Honeywell Cuts 2016 Forecast in Bow to Weaker Global Economy

  • Revenue target lowered by $300 million despite acquisitions
  • Company to separate automation unit into two businesses

Honeywell International Inc. cut its 2016 sales forecast amid sluggish global growth and lower demand for energy-related products and services. Shares tumbled the most in almost a year.

Revenue is expected to total between $40 billion and $40.6 billion this year, a reduction of $300 million for each figure from the previous forecast, the maker of gas processing equipment and cockpit controls said in a statement Friday. Excluding the effects of recent acquisitions and currency shifts, sales fell 2 percent in the second quarter.

A plunge in the price of crude has weakened demand for the goods Honeywell sells to the oil and gas industry, just as demand has slackened for some of its aerospace products. A “challenging global economy” is dragging on sales, Chief Executive Officer Dave Cote said on a conference call. The International Monetary Fund this week scrapped its forecast for a pickup in global growth this year, citing the U.K.’s vote to leave the European Union.

“The one thing that investors are going to be looking at is this underlying sales growth,” Jeff Windau, an analyst at Edward Jones & Co., said in a telephone interview. “It just seems like it’s a pretty sluggish environment right now.”

Acquisition Pipeline

Honeywell fell 3.5 percent to $114.54 at 11:27 a.m. in New York after tumbling as much as 5 percent, the biggest intraday decline since Aug. 24. General Electric Co. also dropped after reporting a slide in orders of big-ticket items such as locomotives.

For coverage of GE’s earnings, click here.

Cote has been using acquisitions to help juice Honeywell’s sales and he suggested that those efforts will continue. The acquisition pipeline “still looks really good” and the company is studying as many as 100 potential targets, he said on the call.

Honeywell paid $6 billion to buy companies last year and is adding more this year, such as the $1.5 billion purchase of warehouse-automation equipment maker Intelligrated.

“We’ve got a lot of money to deploy and that gives us a lot of flexibility,” he said.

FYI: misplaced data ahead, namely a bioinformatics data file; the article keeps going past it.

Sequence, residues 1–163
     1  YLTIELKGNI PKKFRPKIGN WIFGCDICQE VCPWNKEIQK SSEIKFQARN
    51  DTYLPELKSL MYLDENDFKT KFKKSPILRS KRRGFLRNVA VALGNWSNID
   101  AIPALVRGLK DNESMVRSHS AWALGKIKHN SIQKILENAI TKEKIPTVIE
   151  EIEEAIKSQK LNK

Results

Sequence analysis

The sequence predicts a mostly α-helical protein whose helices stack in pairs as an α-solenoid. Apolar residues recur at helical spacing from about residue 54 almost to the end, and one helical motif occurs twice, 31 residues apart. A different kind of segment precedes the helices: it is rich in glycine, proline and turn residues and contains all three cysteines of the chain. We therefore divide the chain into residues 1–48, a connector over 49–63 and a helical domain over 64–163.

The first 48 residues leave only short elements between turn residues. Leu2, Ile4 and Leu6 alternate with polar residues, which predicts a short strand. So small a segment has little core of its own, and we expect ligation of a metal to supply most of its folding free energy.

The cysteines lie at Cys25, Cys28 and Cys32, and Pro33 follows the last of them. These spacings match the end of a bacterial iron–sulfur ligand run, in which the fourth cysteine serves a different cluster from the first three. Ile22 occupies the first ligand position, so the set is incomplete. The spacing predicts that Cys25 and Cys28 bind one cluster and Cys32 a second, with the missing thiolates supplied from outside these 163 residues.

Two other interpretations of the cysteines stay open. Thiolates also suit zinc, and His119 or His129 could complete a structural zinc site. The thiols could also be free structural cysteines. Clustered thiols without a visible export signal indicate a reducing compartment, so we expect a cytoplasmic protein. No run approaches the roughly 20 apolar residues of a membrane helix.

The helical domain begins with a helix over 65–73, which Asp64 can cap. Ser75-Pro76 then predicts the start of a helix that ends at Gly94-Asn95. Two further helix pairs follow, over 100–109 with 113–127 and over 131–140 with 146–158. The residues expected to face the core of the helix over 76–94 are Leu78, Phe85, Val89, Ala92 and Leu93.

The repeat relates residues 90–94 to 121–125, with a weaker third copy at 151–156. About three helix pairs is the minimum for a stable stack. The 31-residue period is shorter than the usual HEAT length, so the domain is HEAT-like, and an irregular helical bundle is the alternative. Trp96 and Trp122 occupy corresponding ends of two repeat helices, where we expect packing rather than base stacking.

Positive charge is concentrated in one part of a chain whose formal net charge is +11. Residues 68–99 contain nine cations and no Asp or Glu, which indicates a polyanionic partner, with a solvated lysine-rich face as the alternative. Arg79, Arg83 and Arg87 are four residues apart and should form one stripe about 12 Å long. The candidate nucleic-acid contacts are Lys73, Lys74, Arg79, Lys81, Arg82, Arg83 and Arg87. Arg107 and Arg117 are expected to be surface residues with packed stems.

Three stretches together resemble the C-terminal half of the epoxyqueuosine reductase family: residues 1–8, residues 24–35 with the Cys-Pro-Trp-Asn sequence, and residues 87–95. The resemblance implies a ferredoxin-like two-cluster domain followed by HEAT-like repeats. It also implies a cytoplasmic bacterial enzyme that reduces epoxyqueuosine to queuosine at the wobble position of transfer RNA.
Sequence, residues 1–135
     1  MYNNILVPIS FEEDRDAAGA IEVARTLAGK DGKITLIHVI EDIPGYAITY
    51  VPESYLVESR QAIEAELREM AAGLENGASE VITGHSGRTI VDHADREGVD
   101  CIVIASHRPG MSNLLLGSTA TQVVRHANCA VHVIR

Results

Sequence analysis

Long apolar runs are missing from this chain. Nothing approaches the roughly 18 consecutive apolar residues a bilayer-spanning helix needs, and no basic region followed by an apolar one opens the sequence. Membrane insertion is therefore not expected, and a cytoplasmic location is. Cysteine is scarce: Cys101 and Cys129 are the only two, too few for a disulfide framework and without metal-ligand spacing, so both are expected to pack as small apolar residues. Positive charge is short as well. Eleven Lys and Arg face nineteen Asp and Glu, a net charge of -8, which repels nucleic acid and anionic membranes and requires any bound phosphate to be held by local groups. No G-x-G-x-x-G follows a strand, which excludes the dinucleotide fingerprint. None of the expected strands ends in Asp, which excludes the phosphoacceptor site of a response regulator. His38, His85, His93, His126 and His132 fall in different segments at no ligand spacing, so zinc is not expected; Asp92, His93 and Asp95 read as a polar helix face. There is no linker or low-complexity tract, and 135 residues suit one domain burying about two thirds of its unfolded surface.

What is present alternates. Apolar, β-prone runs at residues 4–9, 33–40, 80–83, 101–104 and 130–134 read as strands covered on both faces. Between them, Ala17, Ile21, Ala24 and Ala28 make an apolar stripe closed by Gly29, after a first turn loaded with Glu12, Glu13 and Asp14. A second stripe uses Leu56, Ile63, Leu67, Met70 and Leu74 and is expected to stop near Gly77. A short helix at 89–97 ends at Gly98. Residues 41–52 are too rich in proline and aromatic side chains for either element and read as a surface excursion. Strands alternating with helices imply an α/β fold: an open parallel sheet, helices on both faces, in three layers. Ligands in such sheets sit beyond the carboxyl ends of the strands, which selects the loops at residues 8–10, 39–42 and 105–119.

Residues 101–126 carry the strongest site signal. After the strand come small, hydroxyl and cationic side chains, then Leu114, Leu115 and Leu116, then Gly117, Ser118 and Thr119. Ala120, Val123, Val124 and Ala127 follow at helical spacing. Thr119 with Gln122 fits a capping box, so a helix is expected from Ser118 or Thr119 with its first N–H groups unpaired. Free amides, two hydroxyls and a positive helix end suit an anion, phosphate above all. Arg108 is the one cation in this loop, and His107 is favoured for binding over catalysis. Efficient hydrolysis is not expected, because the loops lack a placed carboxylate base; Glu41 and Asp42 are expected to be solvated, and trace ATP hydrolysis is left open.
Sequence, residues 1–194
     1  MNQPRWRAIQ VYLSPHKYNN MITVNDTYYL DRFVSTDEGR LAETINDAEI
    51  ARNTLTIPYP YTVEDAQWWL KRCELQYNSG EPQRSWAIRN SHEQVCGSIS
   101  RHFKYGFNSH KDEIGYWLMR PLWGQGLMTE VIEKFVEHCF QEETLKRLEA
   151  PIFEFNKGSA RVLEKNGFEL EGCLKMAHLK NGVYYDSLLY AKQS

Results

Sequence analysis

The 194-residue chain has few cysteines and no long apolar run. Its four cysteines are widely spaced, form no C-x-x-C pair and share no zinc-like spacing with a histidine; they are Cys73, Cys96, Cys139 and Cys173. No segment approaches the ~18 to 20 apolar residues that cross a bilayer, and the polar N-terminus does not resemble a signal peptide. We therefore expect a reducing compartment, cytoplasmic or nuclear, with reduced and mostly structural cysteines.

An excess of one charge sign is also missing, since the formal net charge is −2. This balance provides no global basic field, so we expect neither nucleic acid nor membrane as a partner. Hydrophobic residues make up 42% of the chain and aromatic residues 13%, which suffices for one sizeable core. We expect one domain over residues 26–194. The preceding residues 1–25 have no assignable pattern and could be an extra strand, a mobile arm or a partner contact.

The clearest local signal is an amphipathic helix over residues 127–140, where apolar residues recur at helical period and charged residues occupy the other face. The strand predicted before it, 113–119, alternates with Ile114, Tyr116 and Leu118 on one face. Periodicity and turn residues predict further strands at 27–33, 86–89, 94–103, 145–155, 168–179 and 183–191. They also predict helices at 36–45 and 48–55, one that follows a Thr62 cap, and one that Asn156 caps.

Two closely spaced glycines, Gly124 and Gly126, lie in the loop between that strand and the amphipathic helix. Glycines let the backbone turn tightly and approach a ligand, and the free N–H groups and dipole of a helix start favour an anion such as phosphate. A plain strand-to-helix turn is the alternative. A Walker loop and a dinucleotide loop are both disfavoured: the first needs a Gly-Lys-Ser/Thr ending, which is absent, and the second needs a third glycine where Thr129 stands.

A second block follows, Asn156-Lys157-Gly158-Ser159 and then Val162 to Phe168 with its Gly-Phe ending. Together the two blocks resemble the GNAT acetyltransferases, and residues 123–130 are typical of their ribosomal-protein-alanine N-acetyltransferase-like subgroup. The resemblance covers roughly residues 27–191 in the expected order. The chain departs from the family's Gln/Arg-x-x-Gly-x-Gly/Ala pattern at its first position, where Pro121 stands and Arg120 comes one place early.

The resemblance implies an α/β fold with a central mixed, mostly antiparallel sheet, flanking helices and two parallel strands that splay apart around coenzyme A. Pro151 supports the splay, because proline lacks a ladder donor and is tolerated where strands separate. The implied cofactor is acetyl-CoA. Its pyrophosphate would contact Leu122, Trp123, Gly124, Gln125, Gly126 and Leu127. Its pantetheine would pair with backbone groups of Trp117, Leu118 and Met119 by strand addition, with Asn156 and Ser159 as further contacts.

Revenue Misses

In the second quarter, Honeywell’s revenue increased 2.2 percent to $9.99 billion, compared with an average estimate of $10.1 billion. The sales increase was driven mostly by acquisitions at the Automation and Control Solutions unit, where sales climbed 9.4 percent. The company also reported the split of that business into two new segments: home and building technologies, and safety and productivity solutions.

Sales fell 1.3 percent at the aerospace business and dropped 2.9 percent at Performance Materials and Technologies, the unit that provides catalysts for refineries and makes resins.

The company raised the lower end of its 2016 profit forecast for a second time this year, by five cents to $6.60 a share, while keeping the higher figure at $6.70. Despite the economic headwinds, the company is still targeting 2017 sales growth of between 4 percent and 5 percent, excluding acquisitions and currency effects.

Slow Growth

“The operational performance continues to be very good in a slow-growth environment,” Cote said. 

Earnings for the second quarter climbed to $1.66 a share, the company reported. Analysts had predicted $1.64, according to the average of estimates compiled by Bloomberg. Profit margins, excluding corporate expenses, rose slightly to 18.5 percent from 18.4 percent.

For the third quarter, Morris Plains, New Jersey-based Honeywell expects earnings per share of $1.67 to $1.72 and sales of as much as $10.2 billion.

The company announced that Alex Ismail, who ran the automation unit, is leaving the company. Ismail was seen as a candidate to replace Cote, 64, who is stepping down in March. Darius Adamczyk, appointed chief operating officer in April, was named last month as the next CEO. 

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